Too often, time travel gets unnecessarily messy, or even just plain naff, but not here.

Here we have the reality of suddenly finding yourself in a world full of racism and rigid gender rules (Daniela ends up posing as a dude because of her short hair and trousers.)

And it's an element which is missing from your average time travel plot: the day-to-day-ness of living in that period, especially as a person of colour (PoC) in the USA.







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I liked the Mexican variations on the stalwarts of urban fantasy.

All of the different species of the paranormal and urban fantasy worlds - vamps, wolves, witches, etc. are removed from their White European stereotypes and instead seen through the lens of Mexican folklore.

Most notably we have the brujas - the Mexican witches - who are written with skill and intrigue, and are far removed from the average urban fantasy witch-chick (who is normally a white goth-girl and/or biker-chick.)

The depression representation is good overall, devastatingly realistic as a whole - but I did have a minor issue with it, which I'll write about in the next section.

The sense of hopelessness and worthlessness depicted is accurate and heart-breaking, and Daniela doesn't magically get better the moment she ends up in 1923, meaning it's not treated as just a plot point.

And we get a same-sex, lesbian, parenting couple - which is awesome.








Not so great bits:

First thing, as ever, is first, here's the potentially distressing content from this book (hold on, there's some stuff to get through):
  • depression
  • attempted suicide
  • suicidal thoughts
  • hanging
  • abusive relationships
  • low self-worth/self-esteem
  • racism
  • racial slurs (including the 'n' word)
  • the KKK
  • lynching
  • segregation and discrimination
  • sexual abuse
  • child abuse
  • sexual assault
  • rape
  • torture
  • kidnapping
  • burning (as a form of torture)
  • attempted murder
  • homophobia
  • grave-robbing
  • missing persons investigation

I think that's everything - v. sorry if I've missed anything out.

There's swearing and violence; if you can handle all the other stuff though... *shrugs*

At one point, the phrase totem pole is used in as a metaphor in a non-native setting, which is seen as cultural appropriation, affecting some First Nations tribes (this piece by Robin R R Gray explains more.)

It was only once, but was still disappointing, and I hope won't occur again in future books.







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Also, and this one is more of a personal preference, the relationship between Dani's mothers is referred to as a lifestyle. I don't like this.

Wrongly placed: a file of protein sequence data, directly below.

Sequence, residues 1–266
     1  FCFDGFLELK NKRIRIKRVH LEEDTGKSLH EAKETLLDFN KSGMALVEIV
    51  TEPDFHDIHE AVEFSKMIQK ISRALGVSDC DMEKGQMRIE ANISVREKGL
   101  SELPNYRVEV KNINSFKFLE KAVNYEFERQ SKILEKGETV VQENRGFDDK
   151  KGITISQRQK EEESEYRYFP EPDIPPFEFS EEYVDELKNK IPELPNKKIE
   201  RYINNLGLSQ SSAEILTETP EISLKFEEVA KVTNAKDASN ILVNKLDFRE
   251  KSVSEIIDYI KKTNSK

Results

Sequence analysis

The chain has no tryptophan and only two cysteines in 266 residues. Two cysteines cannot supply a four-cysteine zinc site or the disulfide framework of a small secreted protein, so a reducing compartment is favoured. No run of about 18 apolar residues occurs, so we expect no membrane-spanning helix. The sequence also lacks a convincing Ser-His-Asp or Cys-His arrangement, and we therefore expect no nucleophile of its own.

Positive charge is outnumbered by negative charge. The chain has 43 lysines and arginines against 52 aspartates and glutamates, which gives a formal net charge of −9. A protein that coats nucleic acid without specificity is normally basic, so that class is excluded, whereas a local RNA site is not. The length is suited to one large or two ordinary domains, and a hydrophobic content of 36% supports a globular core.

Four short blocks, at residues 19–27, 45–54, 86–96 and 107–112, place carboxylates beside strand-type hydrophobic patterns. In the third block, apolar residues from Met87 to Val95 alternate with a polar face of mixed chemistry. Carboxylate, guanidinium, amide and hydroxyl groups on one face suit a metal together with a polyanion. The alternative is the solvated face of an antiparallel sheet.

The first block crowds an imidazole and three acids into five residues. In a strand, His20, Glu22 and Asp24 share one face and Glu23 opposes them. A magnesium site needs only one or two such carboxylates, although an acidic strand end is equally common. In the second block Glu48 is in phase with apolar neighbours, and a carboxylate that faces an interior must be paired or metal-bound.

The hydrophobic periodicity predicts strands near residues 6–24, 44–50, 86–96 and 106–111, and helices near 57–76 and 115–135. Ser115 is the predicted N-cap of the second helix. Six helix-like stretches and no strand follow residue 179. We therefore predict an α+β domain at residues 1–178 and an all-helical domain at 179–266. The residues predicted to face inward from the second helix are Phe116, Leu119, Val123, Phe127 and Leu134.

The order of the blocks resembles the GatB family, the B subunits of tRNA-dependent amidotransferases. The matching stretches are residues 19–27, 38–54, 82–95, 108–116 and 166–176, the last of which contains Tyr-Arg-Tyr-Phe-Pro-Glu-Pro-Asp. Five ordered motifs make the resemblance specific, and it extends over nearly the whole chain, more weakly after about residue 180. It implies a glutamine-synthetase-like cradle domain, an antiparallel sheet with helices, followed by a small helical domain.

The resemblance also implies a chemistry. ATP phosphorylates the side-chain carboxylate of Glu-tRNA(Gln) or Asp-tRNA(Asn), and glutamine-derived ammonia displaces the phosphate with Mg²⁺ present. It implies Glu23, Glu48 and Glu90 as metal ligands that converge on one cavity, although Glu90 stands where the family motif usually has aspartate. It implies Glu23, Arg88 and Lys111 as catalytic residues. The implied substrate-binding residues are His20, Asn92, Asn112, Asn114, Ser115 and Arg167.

I'm aware that a lot of LGBTQ+ people are ok with it (especially from older generations,) but I am personally not a big fan of the term.

But then, a lot of LGBTQ+ people find the term queer very offensive, but I personally identify as both sexually fluid and queer.

I guess you just have to understand that some people will be offended by both of these terms, and you need to examine how and why AND WHETHER YOU SHOULD use them in any given context.

Occasionally it felt like the representation of Daniela's depression was a little bit hit-and-miss, simply because at the times when it wasn't affecting her so much it was almost as if it didn't matter any more.

Honestly though, the representation of depression was, overall, heartbreakingly affective.






Verdict:

This is a great book - a strong foundation for the series, with great characters and interesting paranormal elements.

If you're an urban fantasy fan, this is a must. But those not so familiar with the genre will love it too.




UPDATE 22nd APRIL 2017:

A couple of people have raised issues with the lesbian and depression representation in this book, as well as a few other matters. Some people have equated Dani's lesbian mother having sex with a man with biphobia.

I personally don't agree with the lesbian rep/biphobia criticism - because if anyone knows that sexuality is fluid, it's yours truly. But I see the validity of the points made.

For an overview of the issues that some people have with this book, see C T Callahan's Goodreads review.

I do find C T Callahan more than a little harsh on this book, but you guys all know that I believe in having all the cards on the table so that you can make up your own minds.

















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Tuesday, 6 December 2016

Month in Review(s) - November 2016

November; the month in which the USA decided to make the UK's stupid political choices look relatively intelligent in comparison.

All we did was leave the EU... maybe... with no real plans, and a strong sense that nobody WAS LISTENING TO THE INFO ABOUT WHAT THE F**K THEY WERE VOTING FOR.